Author + information
- David Niederseer, MD, PhD, BSc,
- Andreas Stadlmayr, MD,
- Ursula Huber-Schönauer, PhD,
- Martin Plöderl, PhD,
- Christian Schmied, MD,
- Dieter Lederer, MD,
- Wolfgang Patsch, MD,
- Elmar Aigner, MD and
- Christian Datz, MD∗ ()
- ↵∗Department of Internal Medicine, General Hospital Oberndorf/Salzburg, Teaching Hospital of the Paracelsus Medical University Salzburg, Paracelsusstrasse 37, 5110 Oberndorf, Austria
Colorectal cancer is a potentially preventable disease, as early lesions may be detected and removed during screening colonoscopy. Emerging evidence suggests associations between cardiovascular disease and several cancers, including colorectal cancer. The relationship is thought to arise from common risk factors including obesity, diabetes, hypertension, smoking, unhealthy diet, and physical inactivity (1).
We studied potential associations of cardiovascular risk (CVR), as assessed by the Framingham Risk Score (FRS) (2) or the presence of coronary artery disease (CAD), with colorectal neoplasia detected by screening colonoscopy in a Caucasian cohort without gastrointestinal symptoms.
The study was conducted in 2,098 participants of a health-screening program according to national screening recommendations for colorectal cancer between 2010 and 2014. All consecutive patients <79 years of age without gastrointestinal symptoms that asked to be screened and agreed to participate in the study were included. The study complies with the Declaration of Helsinki and was approved by the local ethics committee. Informed consent was obtained from all participants.
Colonoscopic findings were classified as tubular adenoma or advanced neoplasia (i.e., villous or tubulovillous features), size ≥1 cm or high-grade dysplasia, or carcinoma after analysis of macroscopic and histological results. Colonoscopic findings were defined as outcome variables, while all other variables as explanatory variables.
We used Statistica version 7.0 (StatSoft, Tulsa, Oklahoma) or Stata version 13.0 (Stata Corporation, College Station, Texas) statistical software. For comparison of categorical or continuous variables, we used a contingency chi-square test or analysis of variance, respectively. We estimated the odds ratio (OR) with 95% confidence interval (CI) by univariate logistic regression analysis. To provide separate ORs for the middle and upper FRS tertiles and the group with CAD history, we used 3 dummy variables with the low tertile as reference.
Clinical characteristics of our study population revealed associations of colonoscopic results with several CVR factors (Table 1). Our population included 108 (5%) subjects with a self-reported history of CAD. In 55 subjects, a previous coronary angiography verifying CAD was available. In the remaining 53 subjects, CAD history was verified by review of medical records. ORs for having any adenoma or advanced neoplasia in subjects with CAD history were 1.51 (95% CI: 1.10 to 2.27; p = 0.047) and 2.62 (95% CI: 1.31 to 5.20; p = 0.007), compared with subjects without CAD history, respectively.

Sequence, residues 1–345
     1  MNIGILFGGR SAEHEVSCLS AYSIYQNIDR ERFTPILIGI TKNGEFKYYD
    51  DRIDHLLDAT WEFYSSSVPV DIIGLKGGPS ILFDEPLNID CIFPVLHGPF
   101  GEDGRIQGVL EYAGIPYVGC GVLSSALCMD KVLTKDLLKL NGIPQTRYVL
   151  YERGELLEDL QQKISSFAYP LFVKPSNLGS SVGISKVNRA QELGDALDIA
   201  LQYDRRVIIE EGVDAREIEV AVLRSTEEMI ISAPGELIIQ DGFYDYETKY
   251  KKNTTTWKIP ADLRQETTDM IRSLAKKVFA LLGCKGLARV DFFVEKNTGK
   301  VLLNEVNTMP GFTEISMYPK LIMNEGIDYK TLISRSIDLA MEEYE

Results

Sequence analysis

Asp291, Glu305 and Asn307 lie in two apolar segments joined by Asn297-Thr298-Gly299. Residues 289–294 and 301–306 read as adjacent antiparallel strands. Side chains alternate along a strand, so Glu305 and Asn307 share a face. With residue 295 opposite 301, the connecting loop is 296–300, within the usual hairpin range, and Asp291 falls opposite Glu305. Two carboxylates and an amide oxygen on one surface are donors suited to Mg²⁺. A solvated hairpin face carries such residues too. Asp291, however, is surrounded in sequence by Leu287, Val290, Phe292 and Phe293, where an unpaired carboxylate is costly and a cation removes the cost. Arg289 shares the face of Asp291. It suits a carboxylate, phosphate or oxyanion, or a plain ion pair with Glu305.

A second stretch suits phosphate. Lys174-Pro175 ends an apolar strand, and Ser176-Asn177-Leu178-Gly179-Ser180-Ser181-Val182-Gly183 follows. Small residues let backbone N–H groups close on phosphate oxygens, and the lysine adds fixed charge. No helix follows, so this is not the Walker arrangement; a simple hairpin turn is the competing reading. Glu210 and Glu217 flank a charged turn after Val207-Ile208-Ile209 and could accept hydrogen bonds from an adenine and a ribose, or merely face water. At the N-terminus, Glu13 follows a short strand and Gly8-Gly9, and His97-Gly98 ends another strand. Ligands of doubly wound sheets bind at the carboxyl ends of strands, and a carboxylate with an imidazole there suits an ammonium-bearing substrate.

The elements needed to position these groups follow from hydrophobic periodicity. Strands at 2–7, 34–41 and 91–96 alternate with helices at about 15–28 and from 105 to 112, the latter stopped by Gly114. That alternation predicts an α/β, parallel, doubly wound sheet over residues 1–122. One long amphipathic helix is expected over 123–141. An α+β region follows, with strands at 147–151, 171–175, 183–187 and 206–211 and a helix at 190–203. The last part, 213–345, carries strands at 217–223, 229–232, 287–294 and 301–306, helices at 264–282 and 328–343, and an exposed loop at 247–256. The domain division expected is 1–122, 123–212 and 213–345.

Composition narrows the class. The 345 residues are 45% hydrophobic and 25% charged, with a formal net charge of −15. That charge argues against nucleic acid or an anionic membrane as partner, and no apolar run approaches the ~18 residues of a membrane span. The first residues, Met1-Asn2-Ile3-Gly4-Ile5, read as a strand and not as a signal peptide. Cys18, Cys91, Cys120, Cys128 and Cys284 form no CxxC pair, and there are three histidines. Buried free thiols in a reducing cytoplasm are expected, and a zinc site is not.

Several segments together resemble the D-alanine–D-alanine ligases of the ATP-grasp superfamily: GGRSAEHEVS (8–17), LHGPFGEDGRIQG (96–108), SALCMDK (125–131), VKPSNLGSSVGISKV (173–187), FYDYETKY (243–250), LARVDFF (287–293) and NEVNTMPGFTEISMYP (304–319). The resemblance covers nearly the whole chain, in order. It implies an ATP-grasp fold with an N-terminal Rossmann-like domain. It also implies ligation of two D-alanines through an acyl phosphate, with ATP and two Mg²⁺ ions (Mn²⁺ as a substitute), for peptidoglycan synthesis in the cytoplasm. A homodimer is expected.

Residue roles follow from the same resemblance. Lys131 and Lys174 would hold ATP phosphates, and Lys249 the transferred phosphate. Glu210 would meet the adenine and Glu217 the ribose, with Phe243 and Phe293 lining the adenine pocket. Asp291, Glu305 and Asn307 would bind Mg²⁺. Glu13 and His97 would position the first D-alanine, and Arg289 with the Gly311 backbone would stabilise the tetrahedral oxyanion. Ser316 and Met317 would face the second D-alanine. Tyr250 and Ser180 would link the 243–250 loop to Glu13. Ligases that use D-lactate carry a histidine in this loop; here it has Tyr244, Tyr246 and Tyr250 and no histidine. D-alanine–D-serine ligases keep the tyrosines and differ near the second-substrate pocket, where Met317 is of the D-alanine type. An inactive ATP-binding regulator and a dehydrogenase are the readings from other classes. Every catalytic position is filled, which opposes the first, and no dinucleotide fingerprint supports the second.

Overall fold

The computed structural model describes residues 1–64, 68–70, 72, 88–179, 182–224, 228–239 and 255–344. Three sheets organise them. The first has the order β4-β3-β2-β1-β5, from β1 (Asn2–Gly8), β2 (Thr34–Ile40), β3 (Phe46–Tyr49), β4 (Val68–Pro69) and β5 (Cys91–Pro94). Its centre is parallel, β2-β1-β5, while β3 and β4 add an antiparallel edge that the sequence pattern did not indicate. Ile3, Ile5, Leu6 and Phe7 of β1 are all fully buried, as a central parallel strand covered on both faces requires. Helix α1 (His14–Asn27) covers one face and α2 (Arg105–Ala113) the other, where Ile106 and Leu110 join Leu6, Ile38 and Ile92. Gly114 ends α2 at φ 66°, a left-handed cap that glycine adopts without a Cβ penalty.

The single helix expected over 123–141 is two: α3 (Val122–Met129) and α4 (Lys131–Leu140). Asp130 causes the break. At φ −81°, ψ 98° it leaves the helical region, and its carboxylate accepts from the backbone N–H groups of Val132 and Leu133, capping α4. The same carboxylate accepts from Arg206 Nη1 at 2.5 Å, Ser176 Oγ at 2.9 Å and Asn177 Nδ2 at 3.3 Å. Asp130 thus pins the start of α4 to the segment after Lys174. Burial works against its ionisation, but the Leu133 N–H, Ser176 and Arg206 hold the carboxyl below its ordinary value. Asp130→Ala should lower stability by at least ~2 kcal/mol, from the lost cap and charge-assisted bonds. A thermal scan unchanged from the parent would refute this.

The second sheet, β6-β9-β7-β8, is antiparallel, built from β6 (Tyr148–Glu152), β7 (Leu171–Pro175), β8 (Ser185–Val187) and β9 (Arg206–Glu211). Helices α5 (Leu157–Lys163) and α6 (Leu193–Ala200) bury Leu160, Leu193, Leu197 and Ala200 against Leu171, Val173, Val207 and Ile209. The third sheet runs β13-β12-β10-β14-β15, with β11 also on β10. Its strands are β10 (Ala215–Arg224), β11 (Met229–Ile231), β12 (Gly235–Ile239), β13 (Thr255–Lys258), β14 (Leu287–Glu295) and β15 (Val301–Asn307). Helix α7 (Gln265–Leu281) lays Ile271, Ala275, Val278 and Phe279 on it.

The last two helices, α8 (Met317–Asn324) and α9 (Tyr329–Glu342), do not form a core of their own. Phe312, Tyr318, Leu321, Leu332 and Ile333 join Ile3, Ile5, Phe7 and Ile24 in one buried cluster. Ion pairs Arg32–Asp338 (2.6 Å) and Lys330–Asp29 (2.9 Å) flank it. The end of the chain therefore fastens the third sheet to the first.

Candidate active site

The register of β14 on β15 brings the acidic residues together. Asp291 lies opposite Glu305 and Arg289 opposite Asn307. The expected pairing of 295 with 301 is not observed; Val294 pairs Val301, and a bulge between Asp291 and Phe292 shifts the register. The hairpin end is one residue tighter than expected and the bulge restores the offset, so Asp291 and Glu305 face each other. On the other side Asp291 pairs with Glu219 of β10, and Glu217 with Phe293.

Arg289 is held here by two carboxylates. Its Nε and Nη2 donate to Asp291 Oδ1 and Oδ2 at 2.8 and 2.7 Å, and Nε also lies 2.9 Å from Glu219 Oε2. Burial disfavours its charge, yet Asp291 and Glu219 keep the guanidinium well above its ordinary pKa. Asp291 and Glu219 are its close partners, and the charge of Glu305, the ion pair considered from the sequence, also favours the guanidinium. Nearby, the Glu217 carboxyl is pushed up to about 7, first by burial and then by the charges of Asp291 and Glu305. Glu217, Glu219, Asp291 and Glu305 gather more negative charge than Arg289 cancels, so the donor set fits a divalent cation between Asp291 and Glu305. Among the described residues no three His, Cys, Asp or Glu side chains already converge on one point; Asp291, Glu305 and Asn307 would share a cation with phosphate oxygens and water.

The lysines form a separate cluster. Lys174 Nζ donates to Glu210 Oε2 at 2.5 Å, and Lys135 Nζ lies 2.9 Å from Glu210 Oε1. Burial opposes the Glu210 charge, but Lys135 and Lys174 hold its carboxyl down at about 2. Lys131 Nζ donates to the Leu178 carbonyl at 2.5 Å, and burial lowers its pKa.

Logistic regression models with FRS as predictor variable in subjects without CAD revealed that a 1-percentage-point increase of FRS was associated with ORs of 1.07 (95% CI: 1.06 to 1.09; p < 0.001) and 1.07 (95% CI: 1.04 to 1.12; p < 0.001) for the detection of any and advanced neoplasia, respectively.
In comparison to the low-risk FRS tertile (reference), the intermediate-risk (OR: 1.95; 95% CI: 1.49 to 2.55) and the high-risk tertiles (OR: 3.35; 95% CI: 2.59 to 4.33) showed stepwise increases in ORs for any colorectal adenoma (all p < 0.001) (Table 1). Additionally, for advanced neoplasia, a stepwise increase in ORs was observed as well: low-risk tertile (reference), intermediate-risk tertile (OR: 1.66; 95% CI: 0.81 to 3.39; p = 0.163), high-risk tertile (OR: 3.83; 95% CI: 2.04 to 7.19; p < 0.001), and CAD (OR: 5.47; 95% CI: 2.34 to 12.93; p < 0.001). Essentially, nearly identical results were observed when applying the Heart Score of the European Society of Cardiology (3) for the estimation of CVR (data not shown).
Our study has some limitations. CAD was established via questionnaire or medical history; however, neither coronary angiography nor other screening tests for CAD are justifiable in a population-based screening study. Furthermore, FRS does not include diabetes, obesity, red meat or saturated fat intake, or family history of colorectal cancer, all of which are relevant for the assessment of colorectal cancer risk.
In conclusion, we report an association of CVR factors and colorectal neoplasms. In this screening cohort without gastrointestinal symptoms, subjects with known CAD and high CVR had a significantly higher probability of early and advanced colorectal neoplasia compared with subjects with low CVR, presumably due to shared risk factors. Our data suggest screening colonoscopy to be indicated particularly in subjects with known CAD or high CVR to detect potentially treatable colorectal neoplasia.
Please note: This work was supported by a grant from SPAR Austria to Dr. Datz. The authors have reported that they have no relationships relevant to the contents of this paper to disclose. The authors gratefully acknowledge laboratory technical support by Elke Albrecht, Monika Ratkowitsch, Karoline Zastrow, Miriam Schatz, and Carmen Winkler (Oberndorf Hospital).
- 2017 American College of Cardiology Foundation
- Koene R.J.,
- Prizment A.E.,
- Blaes A.,
- Konety S.H.
- Wilson P.W.F.,
- D’Agostino R.B.,
- Levy D.,
- Belanger A.M.,
- Silbershatz H.,
- Kannel W.B.
- Conroy R.M.,
- Pyorala K.,
- Fitzgerald A.P.,
- et al.